My last shift at work was Monday, March 23rd, 2020. I loaded our Air North flight as usual but it was not as full as it had always been. I went home and didn't think much of it. I knew there would be an end to the Mexico flights but I had a feeling domestic flying would remain somewhat the same. 4 days later on Friday the 27th, I received a phone call from my boss informing me that I would be laid off until further notice. My company went from about 50 Ramp Agents to just 10. The airport ground to a halt. We had maybe two or three flights a day and most of them had less than 10 people on them.

 

Photo of C-GANU - Air North Boeing 737-500 at YVR
Photo: AeroXplorer | Gabriel Shepherd

 

The Government of Canada was quick to act on providing support to individuals who were laid off through CERB (Canada Emergency Response Benefit) which helped millions of Canadians including me and many others in the airline industry. The Government also came out with CEWS, the Canadian Emergency Wage Subsidy, which allowed employers to keep employees on payroll while only having to cover 25% of their wages (the GOV covered 75%).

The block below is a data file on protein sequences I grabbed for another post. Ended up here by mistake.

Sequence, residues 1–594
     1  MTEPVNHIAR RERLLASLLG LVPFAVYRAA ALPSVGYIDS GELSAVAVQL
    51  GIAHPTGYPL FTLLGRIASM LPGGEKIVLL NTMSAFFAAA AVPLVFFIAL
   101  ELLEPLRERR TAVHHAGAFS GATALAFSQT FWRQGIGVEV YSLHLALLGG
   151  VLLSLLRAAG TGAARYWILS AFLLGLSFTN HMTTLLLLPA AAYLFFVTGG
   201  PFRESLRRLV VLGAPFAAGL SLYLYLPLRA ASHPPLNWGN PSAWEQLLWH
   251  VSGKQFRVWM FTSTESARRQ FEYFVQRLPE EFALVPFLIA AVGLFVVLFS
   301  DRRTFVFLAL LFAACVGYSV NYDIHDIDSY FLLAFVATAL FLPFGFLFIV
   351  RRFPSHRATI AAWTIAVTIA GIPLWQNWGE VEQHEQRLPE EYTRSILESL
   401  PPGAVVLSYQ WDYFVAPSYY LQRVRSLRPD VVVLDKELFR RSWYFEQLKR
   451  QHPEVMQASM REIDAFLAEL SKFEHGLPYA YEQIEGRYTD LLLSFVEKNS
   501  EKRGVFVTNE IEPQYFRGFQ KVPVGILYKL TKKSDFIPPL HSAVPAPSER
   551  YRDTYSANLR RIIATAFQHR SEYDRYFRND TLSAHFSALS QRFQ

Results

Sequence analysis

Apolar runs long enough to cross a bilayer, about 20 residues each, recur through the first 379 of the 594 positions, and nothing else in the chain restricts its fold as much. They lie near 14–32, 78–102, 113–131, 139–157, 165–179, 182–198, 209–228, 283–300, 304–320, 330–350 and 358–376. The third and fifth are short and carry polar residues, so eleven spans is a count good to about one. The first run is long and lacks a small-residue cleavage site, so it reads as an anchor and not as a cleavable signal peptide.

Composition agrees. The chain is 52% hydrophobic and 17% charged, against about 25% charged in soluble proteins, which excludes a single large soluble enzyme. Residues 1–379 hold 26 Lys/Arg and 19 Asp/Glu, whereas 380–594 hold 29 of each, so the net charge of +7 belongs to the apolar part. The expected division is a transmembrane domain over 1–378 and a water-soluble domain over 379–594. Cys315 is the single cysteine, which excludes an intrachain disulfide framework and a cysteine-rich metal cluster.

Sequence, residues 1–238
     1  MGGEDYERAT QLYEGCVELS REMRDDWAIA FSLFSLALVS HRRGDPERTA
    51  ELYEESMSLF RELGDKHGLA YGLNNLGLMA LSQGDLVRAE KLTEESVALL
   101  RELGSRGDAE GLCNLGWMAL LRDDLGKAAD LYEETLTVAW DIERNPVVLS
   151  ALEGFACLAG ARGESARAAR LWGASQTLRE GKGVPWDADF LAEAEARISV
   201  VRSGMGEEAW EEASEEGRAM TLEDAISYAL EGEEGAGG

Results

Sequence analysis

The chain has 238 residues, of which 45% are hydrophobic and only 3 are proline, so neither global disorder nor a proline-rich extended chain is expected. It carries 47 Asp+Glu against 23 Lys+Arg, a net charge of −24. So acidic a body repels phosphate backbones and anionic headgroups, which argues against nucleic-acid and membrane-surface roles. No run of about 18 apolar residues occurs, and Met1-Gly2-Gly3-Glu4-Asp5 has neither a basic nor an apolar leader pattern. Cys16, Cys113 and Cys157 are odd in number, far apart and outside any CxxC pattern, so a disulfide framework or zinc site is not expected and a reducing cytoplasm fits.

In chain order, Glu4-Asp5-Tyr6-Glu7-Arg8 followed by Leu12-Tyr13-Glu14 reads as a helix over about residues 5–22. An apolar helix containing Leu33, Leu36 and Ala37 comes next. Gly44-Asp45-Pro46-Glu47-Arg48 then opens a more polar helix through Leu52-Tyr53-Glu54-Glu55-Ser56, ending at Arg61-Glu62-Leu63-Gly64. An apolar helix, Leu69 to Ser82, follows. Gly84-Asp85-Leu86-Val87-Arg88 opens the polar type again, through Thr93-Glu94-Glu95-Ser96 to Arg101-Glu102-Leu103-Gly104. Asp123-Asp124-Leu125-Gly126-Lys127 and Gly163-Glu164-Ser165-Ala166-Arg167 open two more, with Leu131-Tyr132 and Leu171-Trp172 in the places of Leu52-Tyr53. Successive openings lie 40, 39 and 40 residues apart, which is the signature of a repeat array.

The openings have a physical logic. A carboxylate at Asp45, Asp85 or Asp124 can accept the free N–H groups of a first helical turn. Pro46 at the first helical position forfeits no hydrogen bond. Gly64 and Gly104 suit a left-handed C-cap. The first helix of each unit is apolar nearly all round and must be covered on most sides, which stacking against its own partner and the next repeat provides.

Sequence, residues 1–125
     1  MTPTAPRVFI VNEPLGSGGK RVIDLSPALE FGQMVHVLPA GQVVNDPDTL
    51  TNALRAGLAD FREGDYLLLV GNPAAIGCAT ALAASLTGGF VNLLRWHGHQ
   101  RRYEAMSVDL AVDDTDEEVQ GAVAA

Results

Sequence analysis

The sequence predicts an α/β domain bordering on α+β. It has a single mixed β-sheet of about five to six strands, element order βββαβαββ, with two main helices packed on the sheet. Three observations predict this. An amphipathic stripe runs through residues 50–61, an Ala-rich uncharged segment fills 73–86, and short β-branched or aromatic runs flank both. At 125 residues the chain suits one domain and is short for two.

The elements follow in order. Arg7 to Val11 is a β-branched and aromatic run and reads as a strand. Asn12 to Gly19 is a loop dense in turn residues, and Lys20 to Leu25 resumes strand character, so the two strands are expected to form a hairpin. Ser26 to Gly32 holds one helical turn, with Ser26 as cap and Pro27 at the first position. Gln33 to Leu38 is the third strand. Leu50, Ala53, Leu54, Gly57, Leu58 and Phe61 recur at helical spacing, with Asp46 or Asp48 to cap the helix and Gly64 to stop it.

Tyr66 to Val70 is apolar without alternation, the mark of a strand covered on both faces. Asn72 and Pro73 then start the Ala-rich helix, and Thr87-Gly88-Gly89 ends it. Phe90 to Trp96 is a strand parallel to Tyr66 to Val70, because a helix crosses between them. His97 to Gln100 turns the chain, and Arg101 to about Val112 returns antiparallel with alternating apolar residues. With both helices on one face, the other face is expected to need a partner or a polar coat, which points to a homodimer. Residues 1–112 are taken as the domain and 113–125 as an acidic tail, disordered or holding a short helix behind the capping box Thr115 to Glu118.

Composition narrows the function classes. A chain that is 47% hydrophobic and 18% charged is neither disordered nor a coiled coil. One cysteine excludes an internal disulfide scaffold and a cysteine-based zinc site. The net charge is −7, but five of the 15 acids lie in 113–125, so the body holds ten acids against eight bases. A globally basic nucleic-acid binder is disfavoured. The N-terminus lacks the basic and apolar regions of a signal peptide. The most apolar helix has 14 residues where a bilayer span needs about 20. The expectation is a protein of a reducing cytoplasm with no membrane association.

Airlines around the world quickly began to reduce service and cut back on employees. Other governments realized the importance of the airline industry and were quick to provide support. Canada, on the other hand, to this day has provided $0 of direct financial support to the airline sector.

 

For reference, here is a timeline from March/April 2020:

 

March 13th, the Government advises against all non-essential travel At this point Air Canada already had suspended ALL flights to China for a month and a half.